Mary did sign, although not until after the execution of Anne Boleyn, and was restored to paternal favour. But she did not forget the support that Charles had given her – and perhaps valued it more than it was worth. Charles saw the opportunity to improve relations with England, and suggested a marriage between Mary and their mutual cousin, Dom Luis of Portugal. He promoted this idea for some years, but nothing came of it. 

Later, after Charles was widowed, there was even talk of reviving the match between him and Mary, but although, according to Chapuys, the emperor’s ‘mouth was made to water’ at the thought of the now-mature Mary, there could be no possibility of the emperor marrying a woman considered illegitimate in her own country, and Henry could not be persuaded to change her status, especially as he now had a son, Edward, and did not want to risk Mary, with all of the resources that would be available to her as empress, trying to oust Edward from the succession.

Throughout Henry’s reign, Charles was rewarded for his support for Mary by her confidence, and her willingness to share information with his envoys about events in England. It is difficult to ascertain whether she was passing on more details of what was going on in England than Henry realised, or whether he was deliberately feeding her information he wanted Charles to hear, and Mary, either wittingly or not, was being used as a diplomatic pawn.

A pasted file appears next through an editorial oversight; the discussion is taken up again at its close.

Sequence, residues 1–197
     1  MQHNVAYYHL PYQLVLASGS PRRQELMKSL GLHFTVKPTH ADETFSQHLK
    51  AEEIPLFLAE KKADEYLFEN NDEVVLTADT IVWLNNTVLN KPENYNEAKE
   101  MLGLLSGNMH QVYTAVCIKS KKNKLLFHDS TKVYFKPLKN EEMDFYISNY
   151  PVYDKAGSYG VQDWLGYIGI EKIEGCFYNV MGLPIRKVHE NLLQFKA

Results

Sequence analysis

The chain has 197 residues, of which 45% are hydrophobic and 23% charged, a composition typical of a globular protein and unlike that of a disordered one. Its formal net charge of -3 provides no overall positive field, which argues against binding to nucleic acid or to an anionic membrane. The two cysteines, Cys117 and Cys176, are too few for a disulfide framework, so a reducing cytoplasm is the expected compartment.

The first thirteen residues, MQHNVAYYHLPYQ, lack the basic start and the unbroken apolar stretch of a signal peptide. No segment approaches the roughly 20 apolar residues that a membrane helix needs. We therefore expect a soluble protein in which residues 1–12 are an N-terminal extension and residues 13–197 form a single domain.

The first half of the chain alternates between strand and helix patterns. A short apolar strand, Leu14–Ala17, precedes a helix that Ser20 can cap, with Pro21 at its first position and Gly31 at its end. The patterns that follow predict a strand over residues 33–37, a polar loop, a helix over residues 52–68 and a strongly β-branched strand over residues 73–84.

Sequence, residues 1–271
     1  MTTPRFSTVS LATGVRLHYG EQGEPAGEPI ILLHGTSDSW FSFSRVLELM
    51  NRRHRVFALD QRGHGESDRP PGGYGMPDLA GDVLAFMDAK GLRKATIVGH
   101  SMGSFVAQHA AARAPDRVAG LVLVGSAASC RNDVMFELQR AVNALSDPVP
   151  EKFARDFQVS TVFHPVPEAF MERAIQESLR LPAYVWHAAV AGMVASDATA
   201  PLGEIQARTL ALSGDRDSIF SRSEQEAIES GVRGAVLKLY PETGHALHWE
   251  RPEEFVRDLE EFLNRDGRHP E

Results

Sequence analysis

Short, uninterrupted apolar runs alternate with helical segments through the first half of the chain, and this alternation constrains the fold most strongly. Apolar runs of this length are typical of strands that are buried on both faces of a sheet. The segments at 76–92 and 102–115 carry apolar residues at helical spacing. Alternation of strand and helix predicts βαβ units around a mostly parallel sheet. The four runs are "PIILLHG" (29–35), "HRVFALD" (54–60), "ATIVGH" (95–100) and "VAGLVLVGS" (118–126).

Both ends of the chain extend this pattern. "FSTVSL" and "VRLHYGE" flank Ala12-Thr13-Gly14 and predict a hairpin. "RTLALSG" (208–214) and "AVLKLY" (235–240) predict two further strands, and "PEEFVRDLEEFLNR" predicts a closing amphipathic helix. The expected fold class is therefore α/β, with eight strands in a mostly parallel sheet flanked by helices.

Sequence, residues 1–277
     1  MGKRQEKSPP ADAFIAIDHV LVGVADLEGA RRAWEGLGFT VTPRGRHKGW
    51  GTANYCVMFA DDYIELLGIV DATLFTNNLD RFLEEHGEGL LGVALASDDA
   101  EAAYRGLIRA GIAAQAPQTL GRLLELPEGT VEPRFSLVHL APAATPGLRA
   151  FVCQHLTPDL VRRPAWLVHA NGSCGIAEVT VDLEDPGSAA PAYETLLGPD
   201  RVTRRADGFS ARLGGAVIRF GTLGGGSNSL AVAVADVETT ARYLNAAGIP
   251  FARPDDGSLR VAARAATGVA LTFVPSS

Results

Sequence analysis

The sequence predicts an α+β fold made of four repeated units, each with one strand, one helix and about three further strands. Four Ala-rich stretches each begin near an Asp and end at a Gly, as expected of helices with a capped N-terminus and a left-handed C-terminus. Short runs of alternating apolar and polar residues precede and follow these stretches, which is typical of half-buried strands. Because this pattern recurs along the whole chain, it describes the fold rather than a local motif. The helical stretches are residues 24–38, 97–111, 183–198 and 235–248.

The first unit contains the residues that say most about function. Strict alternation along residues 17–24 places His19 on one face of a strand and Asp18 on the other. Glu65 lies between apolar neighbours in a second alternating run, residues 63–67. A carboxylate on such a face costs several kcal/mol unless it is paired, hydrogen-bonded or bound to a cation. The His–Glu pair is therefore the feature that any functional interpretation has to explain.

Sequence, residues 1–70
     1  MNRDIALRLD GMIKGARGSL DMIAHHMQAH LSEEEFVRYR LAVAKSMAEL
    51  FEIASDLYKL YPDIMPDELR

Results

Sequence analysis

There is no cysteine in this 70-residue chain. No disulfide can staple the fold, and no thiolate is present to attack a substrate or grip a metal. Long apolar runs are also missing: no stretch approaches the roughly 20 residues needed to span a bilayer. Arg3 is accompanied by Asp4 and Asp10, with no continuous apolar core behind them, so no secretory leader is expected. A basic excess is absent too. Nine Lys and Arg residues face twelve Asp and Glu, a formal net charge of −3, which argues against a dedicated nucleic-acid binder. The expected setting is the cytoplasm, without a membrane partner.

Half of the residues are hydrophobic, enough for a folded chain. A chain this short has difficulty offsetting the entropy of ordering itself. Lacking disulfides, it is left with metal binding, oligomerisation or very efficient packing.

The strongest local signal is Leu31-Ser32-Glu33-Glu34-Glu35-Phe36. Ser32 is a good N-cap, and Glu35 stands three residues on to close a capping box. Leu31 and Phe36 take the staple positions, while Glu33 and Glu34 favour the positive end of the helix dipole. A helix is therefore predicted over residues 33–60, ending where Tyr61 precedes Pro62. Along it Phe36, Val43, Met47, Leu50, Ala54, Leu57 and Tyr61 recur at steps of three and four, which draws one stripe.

Charles’ concern for Mary became one of her psychological mainstays – and he was to reap the rewards of his efforts, however limited, during her own reign.

"The King's Pearl" is available now from Amberley Publishing.

Melita Thomas is the co-founder and editor of Tudor Times, a repository of information about Tudors and Stewarts in the period 1485-1625

Melita has loved history since being mesmerised by the BBC productions of ‘The Six Wives of Henry VIII’ and ‘Elizabeth R’, when she was a little girl. After that, she read everything she could get her hands on about this most fascinating of dynasties. Captivated by the story of the Lady Mary galloping to Framingham to set up her standard and fight for her rights, Melita began her first book about the queen when she was 9. The manuscript is probably still in the attic.

Whilst still pursuing a career in business, Melita took a course on writing biography, which led her and her business partner to the idea for Tudor Times, and gave her the inspiration to begin writing about Mary again.
‘The King’s Pearl: Henry VIII and his daughter Mary’ is her first book. She has several ideas for a second project, and hopes to settle on one and begin writing by the end of the year.

In her spare time, Melita enjoys long distance walking. She is attempting to walk around the whole coast of Britain, and you can follow her progress here.